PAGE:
PR's changing, how should you adapt?

woman walking down street checking emails on mobile phone

With the onset of the digital communication age, PR and the role of PR professionals, is changing. We recently hosted a seminar looking at the nature of these changes and the implications for businesses’ PR teams.

Chaired by Tim Burt, currently a partner at Stockwell Communications but previously an award-winning journalist at the Financial Times and subsequently a partner at Brunswick, the seminar explored exactly how PR is evolving and how businesses need to adapt.

In the beginning…

Tim Burt says; “Up until the end of the 20th century, the media and business had a very linear relationship. 'Push' media distribution dominated. Businesses typically fed their financial results to newspapers first thing and then briefed the journalist who would then have lunch with the analysts and file his or her copy that evening. But we’re now in a world of ‘pull’ media where readers are now their own editors.”

According to Tim, there are now so many news sources that consumers can pick and choose what they read and where they read it. A symptom of this is that readers are no longer buying newspapers with any loyalty.

What does this mean for PR teams?

The upshot of this for PR teams is that they now have a far weaker stranglehold on the news that is published about the companies they represent. “It’s created a loss of control of news management, which in turn is a big threat to the reputations that PR professionals are trying to protect and improve. This is intensifying pressure on how organisations distribute news.”

Online news sources are now the most widely read news producers so they should be integral to any communications strategy.

Rise of anxiety

This change of environment has led to an attitude shift within large companies, which has been worsened by major high-profile PR disasters. “Each new corporate crisis is heightening anxiety,” says Tim. But he also argues that a lot of this anxiety is unnecessary. “Most of the businesses that have been involved have made a number of mistakes. The best way to survive a crisis is by being honest - don’t deny, don’t bargain.”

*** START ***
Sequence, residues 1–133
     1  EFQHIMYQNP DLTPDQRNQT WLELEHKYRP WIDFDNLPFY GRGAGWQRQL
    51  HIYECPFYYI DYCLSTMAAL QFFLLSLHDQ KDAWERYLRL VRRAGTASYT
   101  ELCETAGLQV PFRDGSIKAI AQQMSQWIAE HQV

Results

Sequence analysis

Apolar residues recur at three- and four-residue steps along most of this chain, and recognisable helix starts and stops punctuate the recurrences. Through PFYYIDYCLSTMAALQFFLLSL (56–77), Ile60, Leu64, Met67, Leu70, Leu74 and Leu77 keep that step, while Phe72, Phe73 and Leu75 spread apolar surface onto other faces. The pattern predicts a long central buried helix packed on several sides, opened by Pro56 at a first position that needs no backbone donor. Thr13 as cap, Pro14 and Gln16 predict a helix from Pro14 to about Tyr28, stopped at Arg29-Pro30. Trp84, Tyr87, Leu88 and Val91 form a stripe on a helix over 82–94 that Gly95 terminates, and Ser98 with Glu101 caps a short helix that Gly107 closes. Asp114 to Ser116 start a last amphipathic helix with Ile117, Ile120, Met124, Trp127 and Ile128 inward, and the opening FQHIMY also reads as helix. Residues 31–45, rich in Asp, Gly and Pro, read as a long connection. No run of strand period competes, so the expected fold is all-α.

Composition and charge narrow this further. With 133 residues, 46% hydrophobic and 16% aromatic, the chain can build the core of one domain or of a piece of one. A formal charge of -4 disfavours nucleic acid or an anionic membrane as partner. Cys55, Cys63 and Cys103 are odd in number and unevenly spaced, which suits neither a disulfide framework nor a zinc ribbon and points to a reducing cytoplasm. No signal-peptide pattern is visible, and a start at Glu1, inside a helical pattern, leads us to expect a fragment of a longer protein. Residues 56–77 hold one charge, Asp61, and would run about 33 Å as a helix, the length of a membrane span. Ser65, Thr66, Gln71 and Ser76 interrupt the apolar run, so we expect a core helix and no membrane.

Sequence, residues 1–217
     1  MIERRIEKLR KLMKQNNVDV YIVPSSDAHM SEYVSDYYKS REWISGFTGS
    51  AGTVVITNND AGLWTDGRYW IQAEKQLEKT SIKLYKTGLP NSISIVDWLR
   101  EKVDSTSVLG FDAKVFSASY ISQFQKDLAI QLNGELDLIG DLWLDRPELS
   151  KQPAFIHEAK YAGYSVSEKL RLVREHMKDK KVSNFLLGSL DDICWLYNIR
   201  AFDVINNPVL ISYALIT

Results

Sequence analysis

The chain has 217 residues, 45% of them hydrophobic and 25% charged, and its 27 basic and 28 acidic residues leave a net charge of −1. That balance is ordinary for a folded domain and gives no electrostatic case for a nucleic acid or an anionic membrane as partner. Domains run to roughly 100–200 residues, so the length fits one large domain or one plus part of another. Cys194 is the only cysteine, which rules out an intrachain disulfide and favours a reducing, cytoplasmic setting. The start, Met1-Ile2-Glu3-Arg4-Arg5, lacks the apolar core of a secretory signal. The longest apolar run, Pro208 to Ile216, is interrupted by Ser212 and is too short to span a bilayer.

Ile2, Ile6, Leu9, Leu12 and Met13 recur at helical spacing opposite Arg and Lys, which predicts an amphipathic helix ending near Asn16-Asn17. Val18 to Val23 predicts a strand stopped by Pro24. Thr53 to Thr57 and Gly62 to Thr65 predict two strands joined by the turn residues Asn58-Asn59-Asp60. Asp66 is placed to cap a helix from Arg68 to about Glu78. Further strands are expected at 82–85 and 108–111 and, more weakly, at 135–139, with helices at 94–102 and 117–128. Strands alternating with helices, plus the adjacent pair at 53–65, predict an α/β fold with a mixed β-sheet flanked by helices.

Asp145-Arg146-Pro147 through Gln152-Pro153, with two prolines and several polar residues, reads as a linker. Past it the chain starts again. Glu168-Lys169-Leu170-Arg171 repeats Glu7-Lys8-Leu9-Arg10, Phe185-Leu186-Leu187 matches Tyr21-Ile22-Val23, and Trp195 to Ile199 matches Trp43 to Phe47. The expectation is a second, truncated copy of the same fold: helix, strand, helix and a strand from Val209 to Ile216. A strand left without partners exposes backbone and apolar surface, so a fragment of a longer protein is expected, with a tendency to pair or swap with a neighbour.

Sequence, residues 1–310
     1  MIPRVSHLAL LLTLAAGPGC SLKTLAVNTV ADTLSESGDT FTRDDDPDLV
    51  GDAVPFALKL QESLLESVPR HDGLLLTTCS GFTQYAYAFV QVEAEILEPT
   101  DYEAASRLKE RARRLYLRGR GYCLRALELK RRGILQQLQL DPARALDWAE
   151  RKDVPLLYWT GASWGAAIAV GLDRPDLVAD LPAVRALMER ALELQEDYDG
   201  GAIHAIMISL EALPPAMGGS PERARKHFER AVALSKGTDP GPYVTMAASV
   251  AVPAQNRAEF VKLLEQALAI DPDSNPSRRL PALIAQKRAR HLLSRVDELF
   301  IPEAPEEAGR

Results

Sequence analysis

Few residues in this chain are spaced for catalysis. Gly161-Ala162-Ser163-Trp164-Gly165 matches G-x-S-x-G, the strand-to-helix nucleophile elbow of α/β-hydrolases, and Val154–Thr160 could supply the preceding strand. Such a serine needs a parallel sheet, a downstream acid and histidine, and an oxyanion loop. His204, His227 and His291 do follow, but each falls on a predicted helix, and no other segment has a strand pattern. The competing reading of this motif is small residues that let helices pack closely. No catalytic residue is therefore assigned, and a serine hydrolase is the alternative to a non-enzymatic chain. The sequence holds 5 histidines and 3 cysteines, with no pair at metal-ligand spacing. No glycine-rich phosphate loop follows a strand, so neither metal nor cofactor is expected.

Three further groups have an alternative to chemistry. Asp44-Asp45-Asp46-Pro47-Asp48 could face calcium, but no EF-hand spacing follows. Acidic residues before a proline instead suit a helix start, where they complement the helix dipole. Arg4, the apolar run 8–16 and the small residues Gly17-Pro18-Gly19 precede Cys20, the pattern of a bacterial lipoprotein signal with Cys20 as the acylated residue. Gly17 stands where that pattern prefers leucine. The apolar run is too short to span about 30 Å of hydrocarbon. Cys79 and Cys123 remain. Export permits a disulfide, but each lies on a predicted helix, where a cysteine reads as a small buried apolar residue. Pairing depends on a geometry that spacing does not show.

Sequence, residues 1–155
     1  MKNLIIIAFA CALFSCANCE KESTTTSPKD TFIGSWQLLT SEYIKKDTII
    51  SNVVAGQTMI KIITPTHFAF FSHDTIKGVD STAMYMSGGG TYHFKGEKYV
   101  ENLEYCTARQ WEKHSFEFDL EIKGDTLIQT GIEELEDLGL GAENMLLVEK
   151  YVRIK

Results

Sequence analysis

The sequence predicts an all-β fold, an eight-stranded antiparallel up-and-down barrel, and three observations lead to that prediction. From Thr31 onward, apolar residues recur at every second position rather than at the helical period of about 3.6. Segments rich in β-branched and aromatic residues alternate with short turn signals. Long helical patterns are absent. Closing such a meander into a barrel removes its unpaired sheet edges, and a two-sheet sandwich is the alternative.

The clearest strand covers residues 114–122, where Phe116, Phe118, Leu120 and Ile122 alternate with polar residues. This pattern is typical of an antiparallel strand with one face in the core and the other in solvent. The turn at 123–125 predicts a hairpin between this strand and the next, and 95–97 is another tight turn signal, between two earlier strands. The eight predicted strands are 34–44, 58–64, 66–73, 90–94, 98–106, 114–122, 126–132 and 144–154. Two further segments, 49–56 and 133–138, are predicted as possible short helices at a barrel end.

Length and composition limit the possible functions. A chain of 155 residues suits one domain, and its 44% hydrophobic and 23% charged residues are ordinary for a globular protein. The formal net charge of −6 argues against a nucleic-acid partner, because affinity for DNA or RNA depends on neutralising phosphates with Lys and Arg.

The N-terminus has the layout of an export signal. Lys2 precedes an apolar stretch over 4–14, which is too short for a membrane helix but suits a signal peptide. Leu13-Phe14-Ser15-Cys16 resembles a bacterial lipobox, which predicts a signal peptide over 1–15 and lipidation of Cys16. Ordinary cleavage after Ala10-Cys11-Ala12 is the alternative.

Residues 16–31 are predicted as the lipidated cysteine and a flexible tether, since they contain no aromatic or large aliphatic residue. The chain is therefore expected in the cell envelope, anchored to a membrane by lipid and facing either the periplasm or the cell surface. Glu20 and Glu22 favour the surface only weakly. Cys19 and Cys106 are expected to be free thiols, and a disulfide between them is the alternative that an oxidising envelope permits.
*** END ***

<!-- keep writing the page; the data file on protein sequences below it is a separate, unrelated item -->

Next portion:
Consistent reputation management is key

The key to minimising the impact of PR disasters is consistent and effective reputation management.

“Don’t bury your head in the sand, you should aim to build your reputation credit in ‘peace time’. Reputation is a hugely valuable but intangible asset that needs to be a key part of any organisation’s marketing strategy. To do this, you must have one core story across your business - a ‘central corporate narrative’, a basic set of messages for everyone to follow. Ultimately, you need to have a persuasive story, which you can then tell through great comms.”

This subsequently allows a business to build a dialogue over an extended period not just with journalists but analysts, lawyers and other influencers. But a crucial part of this should of course be engaging with new online media sources.

“Online news sources are now the most widely read news producers so they should be integral to any communications strategy. To give an example of their power, I recently spoke to a communications director who couldn’t get a story covered. But BBC Online ran it and it then went global.”

Dark Art: The Changing Face of Public Relations by Tim Burt is out now.

Red ceiling and white strip lights and light bulbs

Career advice

three friends with tablet talking about the top tips to prepare for a career change

Top tips to prepare
for a job change 

two friends on a sofa talking about crafting a killer brand statement

Crafting a killer
brand statement 

blue neon arrow pointing right behind get in touch text

Get in touch 

blue glass triangle windows of a building behind six signs it's time to change jobs text

Six signs it's time
to change jobs 

White building with blue sky in the background

Latest jobs